Discover the important link between fish and the temperature of their river habitats! The Kennebec Estuary Land Trust (KELT) is delighted to welcome Kirstin Underwood, biologist with the US Fish and Wildlife Service’s Gulf of Maine Coastal Program, to speak about the relationship between healthy freshwater fish populations and the water temperature on Thursday, February 24 at 6 p.m. via Zoom. Maine’s most iconic fish species, including eastern brook trout and Atlantic salmon, cannot survive water temperatures above a certain threshold (70 to 80 degrees Fahrenheit). The increase in water temperature due to climate change is expected to have dramatic effects on where these species can live. Join KELT to dig deeper into the data and understand how we can better protect the fish species we know and love. Attendees are welcome and encouraged to ask questions during the Q&A portion of the conference.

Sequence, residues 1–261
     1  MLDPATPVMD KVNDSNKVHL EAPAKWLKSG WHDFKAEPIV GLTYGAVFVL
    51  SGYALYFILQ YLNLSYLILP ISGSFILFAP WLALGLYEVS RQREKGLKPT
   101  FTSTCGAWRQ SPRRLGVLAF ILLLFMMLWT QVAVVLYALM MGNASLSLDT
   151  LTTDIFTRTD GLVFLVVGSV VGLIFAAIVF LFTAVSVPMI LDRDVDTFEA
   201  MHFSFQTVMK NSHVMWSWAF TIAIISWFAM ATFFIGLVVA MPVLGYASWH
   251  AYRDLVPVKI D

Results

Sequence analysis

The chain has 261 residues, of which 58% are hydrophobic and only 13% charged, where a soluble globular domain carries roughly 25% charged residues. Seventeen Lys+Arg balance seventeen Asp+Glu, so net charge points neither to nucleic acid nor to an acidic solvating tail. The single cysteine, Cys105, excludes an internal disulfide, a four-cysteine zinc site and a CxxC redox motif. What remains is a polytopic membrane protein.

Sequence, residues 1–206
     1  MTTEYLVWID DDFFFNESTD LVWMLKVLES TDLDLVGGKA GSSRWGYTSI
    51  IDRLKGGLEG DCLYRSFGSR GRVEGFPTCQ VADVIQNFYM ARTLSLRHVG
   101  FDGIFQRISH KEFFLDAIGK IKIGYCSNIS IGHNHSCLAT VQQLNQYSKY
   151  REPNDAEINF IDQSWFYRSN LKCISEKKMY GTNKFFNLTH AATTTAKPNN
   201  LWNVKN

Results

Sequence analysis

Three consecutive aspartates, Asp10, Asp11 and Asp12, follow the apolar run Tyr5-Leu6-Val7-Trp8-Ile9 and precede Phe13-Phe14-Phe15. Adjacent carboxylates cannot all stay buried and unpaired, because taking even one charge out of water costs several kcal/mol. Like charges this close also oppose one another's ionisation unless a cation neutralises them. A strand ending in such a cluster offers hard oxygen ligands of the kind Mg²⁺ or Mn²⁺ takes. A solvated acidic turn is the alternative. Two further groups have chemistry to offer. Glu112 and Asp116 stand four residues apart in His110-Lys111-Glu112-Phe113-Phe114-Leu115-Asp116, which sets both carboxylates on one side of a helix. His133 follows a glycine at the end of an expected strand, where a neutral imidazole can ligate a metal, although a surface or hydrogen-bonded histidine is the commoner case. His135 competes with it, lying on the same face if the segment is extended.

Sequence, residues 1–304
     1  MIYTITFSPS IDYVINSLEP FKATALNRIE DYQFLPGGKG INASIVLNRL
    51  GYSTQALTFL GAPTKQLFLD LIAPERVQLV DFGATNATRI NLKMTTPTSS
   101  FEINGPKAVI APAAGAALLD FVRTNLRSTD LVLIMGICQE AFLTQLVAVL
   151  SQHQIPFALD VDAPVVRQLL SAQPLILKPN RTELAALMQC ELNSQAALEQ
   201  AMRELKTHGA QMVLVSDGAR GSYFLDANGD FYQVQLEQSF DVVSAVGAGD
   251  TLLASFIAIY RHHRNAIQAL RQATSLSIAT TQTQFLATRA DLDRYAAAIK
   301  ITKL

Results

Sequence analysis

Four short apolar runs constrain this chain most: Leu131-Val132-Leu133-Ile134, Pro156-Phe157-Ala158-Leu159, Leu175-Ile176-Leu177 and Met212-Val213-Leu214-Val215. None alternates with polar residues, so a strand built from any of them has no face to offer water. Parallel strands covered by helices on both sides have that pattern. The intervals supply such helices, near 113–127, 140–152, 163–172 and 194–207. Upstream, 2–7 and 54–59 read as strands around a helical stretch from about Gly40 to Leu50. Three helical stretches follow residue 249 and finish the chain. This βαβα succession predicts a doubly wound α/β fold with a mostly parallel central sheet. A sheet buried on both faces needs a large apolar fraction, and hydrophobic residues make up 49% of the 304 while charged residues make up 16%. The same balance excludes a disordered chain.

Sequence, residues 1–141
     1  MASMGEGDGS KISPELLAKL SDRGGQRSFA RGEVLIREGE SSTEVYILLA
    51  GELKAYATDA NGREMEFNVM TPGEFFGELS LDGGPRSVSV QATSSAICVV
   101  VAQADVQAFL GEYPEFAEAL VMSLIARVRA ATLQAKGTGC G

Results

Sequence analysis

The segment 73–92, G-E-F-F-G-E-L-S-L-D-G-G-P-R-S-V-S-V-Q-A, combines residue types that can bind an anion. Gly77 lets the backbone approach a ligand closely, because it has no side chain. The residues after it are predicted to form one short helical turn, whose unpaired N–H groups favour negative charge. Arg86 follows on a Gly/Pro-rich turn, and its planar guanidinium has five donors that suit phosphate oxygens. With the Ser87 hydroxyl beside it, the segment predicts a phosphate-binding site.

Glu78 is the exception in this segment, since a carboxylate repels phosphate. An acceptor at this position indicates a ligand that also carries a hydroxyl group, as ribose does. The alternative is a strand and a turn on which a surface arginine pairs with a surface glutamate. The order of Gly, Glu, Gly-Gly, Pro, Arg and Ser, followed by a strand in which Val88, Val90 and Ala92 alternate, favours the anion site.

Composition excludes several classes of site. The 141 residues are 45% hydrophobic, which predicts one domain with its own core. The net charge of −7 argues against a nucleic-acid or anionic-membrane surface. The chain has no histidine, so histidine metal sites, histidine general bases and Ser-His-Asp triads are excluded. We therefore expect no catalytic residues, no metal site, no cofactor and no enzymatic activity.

The evening virtual lecture will also provide an overview of the Maine Water Temperature Working Group and Interagency Monitoring Effort (MWTWG), which was established in 2014 in response to a growing need to identify and protect waterways with the ability to stay cool when air temperatures rise due to climate change.
Registration is free and mandatory to receive the Zoom link of the presentation. The Zoom link will be sent to registrants upon registration. For more information and to register, visit the KELT website at www.kennebecestuary.org/upcoming-events or call (207) 442-8400.
Kirstin Underwood is a fish and wildlife biologist with the Gulf of Maine Coastal Program in Falmouth, ME. She grew up in rural Maine and was excited to return to her home state after researching Pacific salmon populations for 3.5 years on the West Coast. Kirstin coordinates the activities of the MWTWG in collaboration with the Maine Department of Inland Fisheries and Wildlife and works with partners to assess, monitor and restore fish habitat in Maine’s waterways.